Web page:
Should I be listing my brokerage firm as a primary beneficiary?
My broker had me designate his firm as the primary beneficiary to my variable annuity account. I was told that upon death, a payment would be made to an IRA account that my spouse is the primary beneficiary of, as opposed to a direct payment to her. The firm is claiming that this is necessary because they are the custodians of my account. Everything I have read says to never list your brokerage house as the primary beneficiary for anything. Is my broker correct and is this a normal practice? Or should I be looking for another broker?
Hello....thank you for writing to us. I concur with the thoughts of my colleagues who are saying that this is not standard practice. I wanted to add that the first thing to do before you take any of the actions listed is to go in electronically if possible or in person if necessary and change the beneficiary to your own loved ones. Please do today or as soon as possible. Then print out the change or have the broker hand you the print out and read it to make sure that the beneficiary has indeed be changed. Then you can start on the actions recommended here. The first item of business, though, is to get that changed in case something happens to you. Please let us know what happens if you have a chance...I know we are all worried about this. Best wishes to you.
OMG RUN this is a huge red flag!!!!!!!! You should be leaving your broker- look a for a Fidiciary Fee-Only Certified Financial Planner to avoid obvious conflict of interest.
To put this in perspective I was the advisor and partial beneficiary on one of my parents accounts. They had to sign several additional forms, and disclosure. AND we had to get special approval and oversight by my firm and the investment firm where the account was held.
Live for Today, Plan For Tomorrow.
You should run as fast as you can away from this broker and his firm. A brokerage firm should never be your beneficiary; nor is it proper for the agent/broker to suggest this. I would cancel purchase of annuity and find a reputable firm to deal with. Your beneficiary should be your spouse or other person of your choice.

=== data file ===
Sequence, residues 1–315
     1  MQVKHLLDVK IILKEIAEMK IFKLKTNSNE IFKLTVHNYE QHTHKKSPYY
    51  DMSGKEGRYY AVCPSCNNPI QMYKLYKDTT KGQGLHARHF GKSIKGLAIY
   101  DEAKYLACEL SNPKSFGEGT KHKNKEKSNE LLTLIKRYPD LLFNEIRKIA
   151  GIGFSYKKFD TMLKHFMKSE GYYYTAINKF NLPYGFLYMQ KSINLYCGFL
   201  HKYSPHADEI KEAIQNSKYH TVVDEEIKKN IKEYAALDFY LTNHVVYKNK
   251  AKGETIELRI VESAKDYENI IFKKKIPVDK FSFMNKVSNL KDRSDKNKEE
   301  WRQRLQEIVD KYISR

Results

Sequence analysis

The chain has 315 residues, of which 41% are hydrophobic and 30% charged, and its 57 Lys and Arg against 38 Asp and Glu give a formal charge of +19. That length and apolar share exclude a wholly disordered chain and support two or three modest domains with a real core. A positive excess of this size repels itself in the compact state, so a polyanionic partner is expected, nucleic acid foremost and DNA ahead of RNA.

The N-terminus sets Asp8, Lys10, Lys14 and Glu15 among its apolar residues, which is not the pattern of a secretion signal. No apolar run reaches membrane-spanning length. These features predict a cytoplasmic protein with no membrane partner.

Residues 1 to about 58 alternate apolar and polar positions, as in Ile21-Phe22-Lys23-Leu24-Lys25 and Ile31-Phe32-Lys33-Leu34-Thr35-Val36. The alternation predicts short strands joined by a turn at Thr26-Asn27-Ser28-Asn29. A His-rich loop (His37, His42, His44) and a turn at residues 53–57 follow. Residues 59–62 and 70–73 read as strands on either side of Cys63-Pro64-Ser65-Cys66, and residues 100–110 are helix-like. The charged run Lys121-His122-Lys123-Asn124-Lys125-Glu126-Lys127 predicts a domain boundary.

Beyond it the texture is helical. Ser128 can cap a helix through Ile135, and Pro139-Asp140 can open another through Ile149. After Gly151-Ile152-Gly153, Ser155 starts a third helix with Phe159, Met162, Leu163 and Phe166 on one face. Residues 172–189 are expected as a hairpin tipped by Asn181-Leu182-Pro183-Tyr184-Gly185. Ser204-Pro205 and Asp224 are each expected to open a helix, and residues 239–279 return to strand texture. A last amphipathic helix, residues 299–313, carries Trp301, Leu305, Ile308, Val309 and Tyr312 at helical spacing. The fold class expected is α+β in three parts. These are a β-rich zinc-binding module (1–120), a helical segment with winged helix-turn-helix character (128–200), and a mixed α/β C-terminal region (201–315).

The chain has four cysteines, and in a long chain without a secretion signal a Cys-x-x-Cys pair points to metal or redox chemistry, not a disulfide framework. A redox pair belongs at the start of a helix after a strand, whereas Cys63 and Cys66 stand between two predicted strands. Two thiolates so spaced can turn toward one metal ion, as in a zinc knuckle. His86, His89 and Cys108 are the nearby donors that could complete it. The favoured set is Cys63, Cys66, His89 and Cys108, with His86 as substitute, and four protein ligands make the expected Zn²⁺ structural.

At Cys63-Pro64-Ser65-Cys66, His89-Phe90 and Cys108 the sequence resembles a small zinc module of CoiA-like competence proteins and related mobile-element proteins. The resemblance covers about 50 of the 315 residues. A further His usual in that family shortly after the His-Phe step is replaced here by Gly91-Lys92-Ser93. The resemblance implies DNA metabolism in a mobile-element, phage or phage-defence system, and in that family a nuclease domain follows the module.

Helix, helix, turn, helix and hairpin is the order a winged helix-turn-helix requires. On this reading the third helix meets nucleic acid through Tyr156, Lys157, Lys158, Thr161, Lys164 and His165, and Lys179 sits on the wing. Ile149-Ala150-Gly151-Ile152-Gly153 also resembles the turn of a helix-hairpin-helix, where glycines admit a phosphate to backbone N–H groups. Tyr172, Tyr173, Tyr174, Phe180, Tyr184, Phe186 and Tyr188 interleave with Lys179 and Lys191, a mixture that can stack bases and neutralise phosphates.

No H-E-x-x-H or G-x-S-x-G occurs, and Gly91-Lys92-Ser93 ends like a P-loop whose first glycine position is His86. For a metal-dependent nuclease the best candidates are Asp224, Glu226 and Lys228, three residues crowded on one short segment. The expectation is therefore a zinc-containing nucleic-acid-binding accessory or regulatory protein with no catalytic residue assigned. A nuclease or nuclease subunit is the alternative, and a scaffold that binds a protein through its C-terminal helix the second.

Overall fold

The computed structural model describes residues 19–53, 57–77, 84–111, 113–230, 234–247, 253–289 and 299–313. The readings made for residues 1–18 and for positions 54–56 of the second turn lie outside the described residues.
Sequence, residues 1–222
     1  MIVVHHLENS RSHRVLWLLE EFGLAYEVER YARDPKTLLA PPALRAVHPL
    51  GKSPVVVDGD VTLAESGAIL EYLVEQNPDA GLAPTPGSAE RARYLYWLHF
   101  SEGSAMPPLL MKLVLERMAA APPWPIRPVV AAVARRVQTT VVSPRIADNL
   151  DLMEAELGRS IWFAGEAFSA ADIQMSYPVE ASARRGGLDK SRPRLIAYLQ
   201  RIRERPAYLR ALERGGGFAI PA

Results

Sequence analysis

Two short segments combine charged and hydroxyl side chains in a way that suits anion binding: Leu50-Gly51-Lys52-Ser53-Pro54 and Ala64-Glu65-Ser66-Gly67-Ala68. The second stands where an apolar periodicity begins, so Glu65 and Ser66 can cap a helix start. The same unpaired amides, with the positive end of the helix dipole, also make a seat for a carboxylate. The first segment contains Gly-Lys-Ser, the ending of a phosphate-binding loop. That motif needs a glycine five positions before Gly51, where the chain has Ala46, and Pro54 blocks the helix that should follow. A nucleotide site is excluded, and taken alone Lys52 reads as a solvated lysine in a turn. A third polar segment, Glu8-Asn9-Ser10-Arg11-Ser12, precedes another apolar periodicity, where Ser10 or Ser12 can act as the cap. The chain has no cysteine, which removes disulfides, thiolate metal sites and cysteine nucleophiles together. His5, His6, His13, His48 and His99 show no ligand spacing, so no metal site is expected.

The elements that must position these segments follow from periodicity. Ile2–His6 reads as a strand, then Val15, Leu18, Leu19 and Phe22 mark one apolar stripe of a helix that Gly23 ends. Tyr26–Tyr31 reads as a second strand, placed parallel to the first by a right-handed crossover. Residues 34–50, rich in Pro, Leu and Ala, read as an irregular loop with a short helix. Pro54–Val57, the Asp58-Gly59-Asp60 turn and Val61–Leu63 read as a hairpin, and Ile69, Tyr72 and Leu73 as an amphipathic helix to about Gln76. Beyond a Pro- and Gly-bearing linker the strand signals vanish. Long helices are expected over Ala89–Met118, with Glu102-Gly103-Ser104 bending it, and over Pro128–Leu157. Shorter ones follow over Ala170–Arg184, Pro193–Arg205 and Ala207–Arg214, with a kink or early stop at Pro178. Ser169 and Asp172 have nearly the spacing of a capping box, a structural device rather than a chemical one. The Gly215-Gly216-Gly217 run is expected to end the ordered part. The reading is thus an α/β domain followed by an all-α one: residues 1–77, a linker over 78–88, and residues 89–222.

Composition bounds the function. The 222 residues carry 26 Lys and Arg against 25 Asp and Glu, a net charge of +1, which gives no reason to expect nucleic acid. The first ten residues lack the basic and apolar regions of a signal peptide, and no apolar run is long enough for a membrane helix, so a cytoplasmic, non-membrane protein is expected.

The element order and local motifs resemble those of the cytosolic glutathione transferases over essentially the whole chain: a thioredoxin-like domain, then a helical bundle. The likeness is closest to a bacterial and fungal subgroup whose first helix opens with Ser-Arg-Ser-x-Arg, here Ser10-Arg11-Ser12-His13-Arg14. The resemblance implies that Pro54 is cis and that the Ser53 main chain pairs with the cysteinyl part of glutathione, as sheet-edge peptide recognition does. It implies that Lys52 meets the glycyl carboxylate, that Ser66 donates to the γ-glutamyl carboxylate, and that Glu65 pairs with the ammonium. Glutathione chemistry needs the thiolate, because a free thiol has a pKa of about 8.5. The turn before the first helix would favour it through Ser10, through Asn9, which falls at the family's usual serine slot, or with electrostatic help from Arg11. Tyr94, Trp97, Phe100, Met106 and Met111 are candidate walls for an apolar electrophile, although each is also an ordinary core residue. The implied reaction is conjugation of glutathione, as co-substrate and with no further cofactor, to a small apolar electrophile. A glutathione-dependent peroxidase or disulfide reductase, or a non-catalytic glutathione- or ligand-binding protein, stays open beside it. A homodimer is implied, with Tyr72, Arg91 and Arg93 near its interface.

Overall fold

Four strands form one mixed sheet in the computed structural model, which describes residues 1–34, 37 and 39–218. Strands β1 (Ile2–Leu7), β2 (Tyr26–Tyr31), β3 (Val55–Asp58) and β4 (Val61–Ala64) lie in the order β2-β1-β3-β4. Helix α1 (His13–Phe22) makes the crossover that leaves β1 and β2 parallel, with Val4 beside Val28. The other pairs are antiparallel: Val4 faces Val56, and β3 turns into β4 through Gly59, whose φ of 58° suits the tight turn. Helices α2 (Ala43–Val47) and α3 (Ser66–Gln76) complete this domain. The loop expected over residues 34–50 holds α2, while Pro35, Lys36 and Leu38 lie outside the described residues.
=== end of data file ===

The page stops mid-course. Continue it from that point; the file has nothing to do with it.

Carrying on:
I am not familiar with this strategy. In our client base, we have clients name their spouse as their primary beneficiary since most annuity companies allow for spousal continuation. This allows the spouse to take ownership of the policy as if you were still living. At that point, she can choose to transfer into her brokerage account. Prior to having your spouse take ownership of the contact you may want to review the pros/cons of this strategy. If she is older, Required Minimum Distributions (RMDs) could be larger than if she maintained the account in you name. Also, if there is a death benefit, she would not be able to claim if she selected spousal continuation. Assuming your goal is to have the funds transferred into her name, I would consider naming her as the primary beneficiary, complete the death paperwork at your passing to take ownership of the policy, and then move into her brokerage account. You may want to follow up with your estate planning attorney to confirm this is in line with your goals.
Your instinct is correct. I am going to assume you own the variable annuity contract inside of your IRA. Your broker may be acting as the custodian of your IRA but that does not mean that you should list them as the primary beneficiary. Your wife should be listed as the primary beneficiary of your IRA. Upon your death, your wife can choose to continue to hold the value of the policy in an IRA, now titled in her name, or take the funds. Taking a lump sum distribution would be tax inefficient as the entire value of the account would be tax as ordinary income. Naming a brokerage firm as the primary beneficiary of an IRA is not a normal practice. I would also say that owning a variable annuity inside of an IRA is normally extremely expensive and redundant from an income tax perspective.